Boston – Philadelphia
Content Specialist: Dr. Jay H. Buckley, Associate Professor, BYU
Pedagogy Specialist: Dr. Jeff Nokes, Assistant Professor, BYU
The field study “Founding Fathers and Founding Principles” will begin in Boston and conclude in Philadelphia. Teachers will hike the historic Freedom Trail through Boston, explore the world of John and Sam Adams, and listen to the echoes of the shots heard around the world at Lexington and Concord. En route to Philadelphia, they will visit places like West Point and Morristown National Historic Park. Time in the Philadelphia area will include a presentation at the National Constitution Center and tours through Benjamin Franklin's environs, Independence Hall, and Valley Forge. In addition to an extensive curriculum of lectures and on-site instruction, teachers will read and discuss several scholarly monographs and pedagogy publications and resources.
Teachers will be expected to be in sufficient physical condition to hike the Freedom Trail (3 miles) and participate in other physical activities. Prior to attending the field study, participants will be expected to complete numerous assignments and readings; including participation in a pre-travel and post-travel pedagogy and content seminars. The purpose of the pre- and post-seminars are to facilitate the meshing of the content and the curriculum. Participants are expected to return to the classroom as teacher mentors in their school community.
- Walk the Boston Freedom Trail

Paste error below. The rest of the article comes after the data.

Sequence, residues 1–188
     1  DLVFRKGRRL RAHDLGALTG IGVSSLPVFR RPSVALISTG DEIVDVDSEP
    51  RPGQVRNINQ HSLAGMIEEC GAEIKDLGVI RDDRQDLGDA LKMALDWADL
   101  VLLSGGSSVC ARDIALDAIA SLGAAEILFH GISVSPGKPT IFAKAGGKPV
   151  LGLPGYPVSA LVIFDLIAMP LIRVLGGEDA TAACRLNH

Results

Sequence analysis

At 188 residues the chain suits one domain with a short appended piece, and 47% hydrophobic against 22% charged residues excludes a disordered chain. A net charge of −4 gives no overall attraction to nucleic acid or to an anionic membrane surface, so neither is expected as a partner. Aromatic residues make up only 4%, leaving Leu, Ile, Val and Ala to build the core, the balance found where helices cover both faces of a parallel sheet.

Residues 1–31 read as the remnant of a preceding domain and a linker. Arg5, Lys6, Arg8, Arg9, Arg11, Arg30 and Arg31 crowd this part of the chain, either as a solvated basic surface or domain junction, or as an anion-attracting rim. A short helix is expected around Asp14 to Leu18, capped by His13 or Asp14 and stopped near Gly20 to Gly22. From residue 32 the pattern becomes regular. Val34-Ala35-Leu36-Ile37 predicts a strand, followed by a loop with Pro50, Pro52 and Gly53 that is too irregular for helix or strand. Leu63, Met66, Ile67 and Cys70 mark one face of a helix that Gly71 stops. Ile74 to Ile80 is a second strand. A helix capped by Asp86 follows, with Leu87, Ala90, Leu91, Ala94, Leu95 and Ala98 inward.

- Plimoth Plantation
- Plymouth Rock
- Lexington and Concord
- West Point
- Walking Tour of Philadelphia
- National Constitution Center
- Independence Hall After Hours
- Valley Forge
Apply for Field Study
Apply as Individual
Utah educators, grades 5-12, who specialize in American History are welcome to apply as an individual participant. Applicants must have a continuing contract for the 2018-2019 school year...... and may not have participated in a Driven 2 Teach field study since 2016.Apply as Individual
Dr. Jay Buckley
Professor of Historical Content
Jay H. Buckley (PhD, Nebraska) joined the BYU history faculty in Fall 2001. He teaches US, American West, and American Indian history courses and directs the Native American Studies minor. His specialties include Lewis & Clark, exploration & migration, Indian-white relations, fur trade, and other western themes.
. Jay recently served as President of the National Lewis and Clark Trail Heritage Foundation. An Associate Professor of History at Brigham Young University, Professor Buckley is the author or co-author of six books including William Clark: Indian Diplomat; By His Own Hand?: The Mysterious Death of Meriwether Lewis; Orem [Utah]; Zebulon Pike, Thomas Jefferson, and The Opening of the American West; Historical Dictionary of the American Frontier; and, Explorers of the American West: Mapping the World through Primary Documents (w/ Jeffery D. Nokes).
Jay and his wife, Becky, are the parents of three children.
Dr. Jeff Nokes
Professor of Pedagogy
Jeff Nokes is an associate professor in the History Department at BYU where he works with prospective history and social studies teachers. Jeff taught for 14 years in the Jordan School District at Elk Ridge Middle School and Bingham High School, where the students selected him as the most inspirational teacher in 2005. He was named Utah’s Outstanding High School History Teacher that same year by the Utah Council for the Social Studies. Jeff’s research interests include history teaching, democratic instructional methods, and nurturing secondary students’ historical literacies using primary sources. His publications include Building Students’ Historical Literacies: Learning to Read and Reason with Historical Texts and Evidence and numerous research articles associated with history teaching. His most recent work is the book, Explorers of the American West: Mapping the World through Primary Documents, that he co-authored with his partner, Jay Buckley.